Facebook Reveals the Sleazy Business of Fake ‘Likes’
by Rayan Tate
August 31, 2012
Facebook might be one of the most uptight sites on the internet, requiring everyone to log in with their name and picture and birthday and to generally behave themselves like a nerd in study hall. Yet it still has a slimy underground where people do slimy things, the company conceded Friday. Facebook says it is removing fraudulently generated “likes,” which helped make some businesses on Facebook appear more popular than they really were.
In a post on its security blog, Facebook wrote that it “recently increased our automated efforts to remove [fake] Likes” on business pages. In other words, business pages were previously puffed up thanks to shady clicks from fake or hijacked Facebook accounts.
Facebook is dumping this news at a time when few people will read it, on a Friday before a holiday weekend. And no wonder: The implications are disturbing. Facebook’s advertising system is built on the idea that consumers will be willing to build closer relationships with advertisers, “liking” the advertiser’s pages, reading the advertiser’s status updates, and circulating content about the advertiser to friends. If an advertiser’s popularity is exaggerated by fake “likes,” it makes the business less trustworthy and less likely to be engaged by real consumers.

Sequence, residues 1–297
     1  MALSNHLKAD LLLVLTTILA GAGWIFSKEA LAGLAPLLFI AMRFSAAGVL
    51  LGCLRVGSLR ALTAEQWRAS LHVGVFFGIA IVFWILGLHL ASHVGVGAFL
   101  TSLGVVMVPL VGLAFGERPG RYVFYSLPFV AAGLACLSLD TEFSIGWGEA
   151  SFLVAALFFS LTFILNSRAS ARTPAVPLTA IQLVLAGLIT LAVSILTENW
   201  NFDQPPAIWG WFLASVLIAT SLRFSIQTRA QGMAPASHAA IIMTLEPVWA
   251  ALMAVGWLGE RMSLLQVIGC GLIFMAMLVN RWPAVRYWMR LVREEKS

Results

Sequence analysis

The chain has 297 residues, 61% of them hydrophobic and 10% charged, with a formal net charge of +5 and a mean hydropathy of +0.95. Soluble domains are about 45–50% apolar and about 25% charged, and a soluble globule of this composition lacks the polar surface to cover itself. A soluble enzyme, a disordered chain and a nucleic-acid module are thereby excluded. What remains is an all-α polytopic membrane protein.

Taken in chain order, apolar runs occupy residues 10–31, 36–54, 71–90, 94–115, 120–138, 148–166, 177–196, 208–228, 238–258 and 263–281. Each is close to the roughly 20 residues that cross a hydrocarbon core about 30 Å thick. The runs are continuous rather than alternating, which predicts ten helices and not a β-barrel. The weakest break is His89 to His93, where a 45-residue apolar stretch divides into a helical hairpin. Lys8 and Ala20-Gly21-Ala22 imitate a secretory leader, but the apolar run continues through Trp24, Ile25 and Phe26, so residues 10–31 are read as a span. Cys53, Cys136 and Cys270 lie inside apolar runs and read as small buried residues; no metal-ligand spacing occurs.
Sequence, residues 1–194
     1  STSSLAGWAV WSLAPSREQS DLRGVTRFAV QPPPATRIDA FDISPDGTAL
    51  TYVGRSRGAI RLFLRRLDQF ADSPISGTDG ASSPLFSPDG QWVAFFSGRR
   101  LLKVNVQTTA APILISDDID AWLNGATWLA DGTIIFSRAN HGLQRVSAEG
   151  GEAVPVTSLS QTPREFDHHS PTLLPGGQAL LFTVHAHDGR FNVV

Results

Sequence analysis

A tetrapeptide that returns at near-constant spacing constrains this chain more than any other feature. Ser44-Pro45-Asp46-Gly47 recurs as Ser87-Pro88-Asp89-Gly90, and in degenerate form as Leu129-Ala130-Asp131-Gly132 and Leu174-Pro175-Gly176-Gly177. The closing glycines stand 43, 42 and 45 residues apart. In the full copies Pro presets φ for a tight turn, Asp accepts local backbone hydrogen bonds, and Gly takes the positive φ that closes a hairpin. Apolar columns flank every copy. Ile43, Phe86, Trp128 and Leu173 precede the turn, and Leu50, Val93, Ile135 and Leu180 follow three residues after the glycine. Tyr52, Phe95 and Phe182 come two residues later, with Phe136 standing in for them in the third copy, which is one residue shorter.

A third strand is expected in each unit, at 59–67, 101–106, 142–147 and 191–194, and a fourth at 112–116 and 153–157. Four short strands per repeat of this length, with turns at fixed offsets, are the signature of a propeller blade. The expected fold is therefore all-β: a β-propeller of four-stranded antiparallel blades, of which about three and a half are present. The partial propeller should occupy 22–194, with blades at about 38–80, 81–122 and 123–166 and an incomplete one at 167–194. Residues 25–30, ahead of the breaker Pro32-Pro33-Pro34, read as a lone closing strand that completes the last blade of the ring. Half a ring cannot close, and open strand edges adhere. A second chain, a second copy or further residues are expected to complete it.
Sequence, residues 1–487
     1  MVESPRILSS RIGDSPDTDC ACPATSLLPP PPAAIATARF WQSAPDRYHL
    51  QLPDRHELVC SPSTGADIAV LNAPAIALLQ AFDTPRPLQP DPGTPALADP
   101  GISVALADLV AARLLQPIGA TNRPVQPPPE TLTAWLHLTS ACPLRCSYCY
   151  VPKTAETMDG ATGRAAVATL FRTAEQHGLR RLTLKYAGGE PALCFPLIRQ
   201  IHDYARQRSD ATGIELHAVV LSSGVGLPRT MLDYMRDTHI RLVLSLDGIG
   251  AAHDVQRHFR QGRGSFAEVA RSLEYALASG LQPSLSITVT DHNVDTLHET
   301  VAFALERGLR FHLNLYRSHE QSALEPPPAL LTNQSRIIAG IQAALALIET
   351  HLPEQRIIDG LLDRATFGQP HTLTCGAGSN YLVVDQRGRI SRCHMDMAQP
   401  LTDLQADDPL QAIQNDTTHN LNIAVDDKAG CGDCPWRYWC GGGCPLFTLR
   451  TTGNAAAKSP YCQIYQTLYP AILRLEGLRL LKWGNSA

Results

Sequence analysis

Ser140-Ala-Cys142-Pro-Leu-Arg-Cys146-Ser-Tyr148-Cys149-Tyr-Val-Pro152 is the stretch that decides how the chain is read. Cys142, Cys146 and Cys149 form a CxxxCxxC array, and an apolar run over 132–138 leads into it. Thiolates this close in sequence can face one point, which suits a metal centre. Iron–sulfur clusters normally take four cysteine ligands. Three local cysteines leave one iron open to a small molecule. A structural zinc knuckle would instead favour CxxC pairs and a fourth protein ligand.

Similarly, legitimate advertisers need to be able to trust that Facebook is populated with real people engaging in real activities. If the social network becomes a haven of bots and fake clicks, no business will want to buy advertising, often billed on a per-click basis. At least one business has already claimed its Facebook advertising spend was squandered on bot clicks.
Facebook isn’t saying outright that businesses paid for fake clicks. But it is implying as much in today’s post, referring to “vendors” of fake likes and adding, “we do not and have never permitted the purchase or sale of Facebook Likes.” And there are signs of a veritable underground “like” economy. The ad group Conversation Agency, for example, told Business Insider its clients are losing large numbers of likes due to the crackdown and are in an uproar. (Facebook will only say that the typical Facebook page will only lose about 1 percent of its likes due to the crackdown, a fairly meaningless statistic because “likes” are not distributed evenly among pages; more popular pages could be seeing a much more pronounced decline.)
Facebook says the crackdown “will be a positive change for anyone using Facebook.” But that’s not true. Fraudsters are clearly using Facebook, too, hence all the fake “likes.” And they’ll be racing to thwart Facebook’s filters. Summer ends this weekend with a victory for Facebook’s “like” engineers. But the arms race has just begun.